Commenting as the National Foundation for Educational Research (NFER) publish a new report on the Teacher Labour Market in England, Paul Whiteman, general secretary of school leaders’ union NAHT, said: “These figures do show an increase in teacher training applications thanks to Covid. But that apparent good news story should not be allowed to distract from the worrying longer-term implications of the experiences reported by school staff over the last year. There is a real risk that we will lose more experienced teachers and school leaders post-Covid than can possibly be replaced by new recruits.
“The findings of this report chime exactly with what we are hearing from our members. Before the crisis hit, it was widely acknowledged that teachers and school leaders’ working hours had reached unsustainable levels. During the pandemic, their working week has got longer still. The juggling act of teaching children remotely and in-person concurrently is giving way to the challenge of assessing and addressing the varied impact that lockdown has had on our nation's young. Over the last 12 months, school leaders have re-engineered schooling from the ground up, many times over, and expertly navigated the constant last-minute emergencies and major business planning challenges that the pandemic has brought. And all this whilst facing another real-terms pay cut.
“The current situation is unsustainable. School leaders are frustrated at Government and exhausted by Covid. Our own survey in Autumn 2020 found that nearly half of school leaders surveyed (47%) were considering leaving the profession sooner than originally planned, as a result of the pandemic. These experienced teachers and leaders cannot be replaced by the new people entering teacher training this year. Action must be taken to ensure a sufficient education workforce, improving conditions to retain both current staff and new recruits.
“We agree with many of NfER’s recommendations for change, including reducing teacher workload, supporting well-being, improving mentoring programmes, and making teacher and school leader pay competitive. School leadership is a demanding and important profession, and the government needs to make the case for a decades-long career in teaching.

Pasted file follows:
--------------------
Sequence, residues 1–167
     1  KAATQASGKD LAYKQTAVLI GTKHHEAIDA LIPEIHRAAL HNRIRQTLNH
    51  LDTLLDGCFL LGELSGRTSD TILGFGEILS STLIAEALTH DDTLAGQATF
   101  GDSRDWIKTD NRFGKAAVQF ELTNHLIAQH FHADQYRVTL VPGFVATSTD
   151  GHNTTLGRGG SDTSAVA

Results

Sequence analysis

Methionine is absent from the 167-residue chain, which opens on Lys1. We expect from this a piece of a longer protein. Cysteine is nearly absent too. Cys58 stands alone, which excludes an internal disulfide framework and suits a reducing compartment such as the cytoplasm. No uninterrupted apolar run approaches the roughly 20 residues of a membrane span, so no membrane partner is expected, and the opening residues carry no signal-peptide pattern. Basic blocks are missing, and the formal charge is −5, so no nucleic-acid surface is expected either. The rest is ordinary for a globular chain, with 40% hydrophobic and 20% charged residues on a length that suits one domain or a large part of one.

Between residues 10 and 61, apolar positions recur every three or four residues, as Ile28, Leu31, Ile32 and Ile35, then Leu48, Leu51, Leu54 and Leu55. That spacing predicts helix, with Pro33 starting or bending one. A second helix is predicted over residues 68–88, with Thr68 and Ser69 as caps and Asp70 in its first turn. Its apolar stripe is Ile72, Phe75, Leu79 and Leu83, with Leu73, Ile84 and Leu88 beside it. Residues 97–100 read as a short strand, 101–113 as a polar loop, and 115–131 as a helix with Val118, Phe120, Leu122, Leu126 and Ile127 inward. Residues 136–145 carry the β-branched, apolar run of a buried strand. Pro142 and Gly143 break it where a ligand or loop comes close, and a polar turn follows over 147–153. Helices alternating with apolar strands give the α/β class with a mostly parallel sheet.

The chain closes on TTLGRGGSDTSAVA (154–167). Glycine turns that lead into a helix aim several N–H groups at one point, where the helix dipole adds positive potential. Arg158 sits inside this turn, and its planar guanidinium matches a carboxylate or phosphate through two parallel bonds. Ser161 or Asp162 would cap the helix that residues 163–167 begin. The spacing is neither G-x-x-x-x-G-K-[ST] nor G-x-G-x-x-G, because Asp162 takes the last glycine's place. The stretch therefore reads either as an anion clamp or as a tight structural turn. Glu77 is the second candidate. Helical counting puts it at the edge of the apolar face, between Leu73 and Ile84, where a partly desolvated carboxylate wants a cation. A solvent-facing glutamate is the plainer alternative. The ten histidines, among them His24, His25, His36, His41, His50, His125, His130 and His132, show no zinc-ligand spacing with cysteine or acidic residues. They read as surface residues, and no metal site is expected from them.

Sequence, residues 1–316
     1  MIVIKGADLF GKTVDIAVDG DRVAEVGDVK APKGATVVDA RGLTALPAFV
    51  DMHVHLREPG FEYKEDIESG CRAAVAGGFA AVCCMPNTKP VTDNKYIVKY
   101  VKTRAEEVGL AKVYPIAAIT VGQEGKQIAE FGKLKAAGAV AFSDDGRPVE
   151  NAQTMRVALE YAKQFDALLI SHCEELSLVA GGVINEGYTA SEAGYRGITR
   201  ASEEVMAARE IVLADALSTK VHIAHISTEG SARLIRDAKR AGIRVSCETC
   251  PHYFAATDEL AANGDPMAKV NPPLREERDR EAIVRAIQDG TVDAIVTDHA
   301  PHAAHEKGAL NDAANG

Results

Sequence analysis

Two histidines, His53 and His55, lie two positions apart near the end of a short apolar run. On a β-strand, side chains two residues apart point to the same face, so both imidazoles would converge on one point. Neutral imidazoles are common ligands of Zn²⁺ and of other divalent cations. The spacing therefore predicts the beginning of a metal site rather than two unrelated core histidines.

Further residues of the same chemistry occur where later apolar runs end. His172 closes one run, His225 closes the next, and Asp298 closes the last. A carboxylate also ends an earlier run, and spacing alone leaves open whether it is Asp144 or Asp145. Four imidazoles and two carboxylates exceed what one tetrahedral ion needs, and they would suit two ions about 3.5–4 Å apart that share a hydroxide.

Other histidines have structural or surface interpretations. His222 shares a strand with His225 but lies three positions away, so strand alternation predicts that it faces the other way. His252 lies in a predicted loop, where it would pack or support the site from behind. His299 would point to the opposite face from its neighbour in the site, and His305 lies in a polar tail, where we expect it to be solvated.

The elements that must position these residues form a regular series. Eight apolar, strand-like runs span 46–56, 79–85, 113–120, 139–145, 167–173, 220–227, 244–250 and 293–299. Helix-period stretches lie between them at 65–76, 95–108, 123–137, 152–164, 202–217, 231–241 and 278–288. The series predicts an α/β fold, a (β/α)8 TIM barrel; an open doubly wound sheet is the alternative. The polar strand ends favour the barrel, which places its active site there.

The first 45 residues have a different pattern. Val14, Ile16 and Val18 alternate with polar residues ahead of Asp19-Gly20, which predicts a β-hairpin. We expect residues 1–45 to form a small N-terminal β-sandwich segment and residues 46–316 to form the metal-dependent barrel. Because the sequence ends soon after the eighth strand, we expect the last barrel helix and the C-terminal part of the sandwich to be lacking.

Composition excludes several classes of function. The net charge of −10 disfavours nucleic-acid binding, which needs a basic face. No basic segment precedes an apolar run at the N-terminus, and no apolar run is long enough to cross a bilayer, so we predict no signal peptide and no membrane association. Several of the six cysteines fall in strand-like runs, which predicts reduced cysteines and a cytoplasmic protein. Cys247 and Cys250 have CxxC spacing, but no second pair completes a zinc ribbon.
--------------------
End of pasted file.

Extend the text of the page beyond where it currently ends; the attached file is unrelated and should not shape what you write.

“We particularly welcome the report’s recommendation that the School Teachers’ Review Body should be given a permanent remit to make independent recommendations on teacher pay, even when government considers that pay should be frozen. The constraints placed on the review Body by successive secretaries of state have led to a decade-long fall in the real value of teachers’ and leaders’ pay, and undermined the salary differential for leadership responsibility. The result has been a full blown teacher and leadership supply crisis.
“The STRB has repeatedly said that pay in the profession is uncompetitive, differentiated pay awards are likely to fail in their own terms, and that leadership responsibility must be properly remunerated. NAHT agrees. Our evidence to the STRB calls for a full review of the pay structure for teachers and leaders. An interim settlement over three years, that takes a strong step towards restoring the losses of the last decade, could provide the breathing space needed for the STRB to consult on a full review of the pay structure for the profession.”
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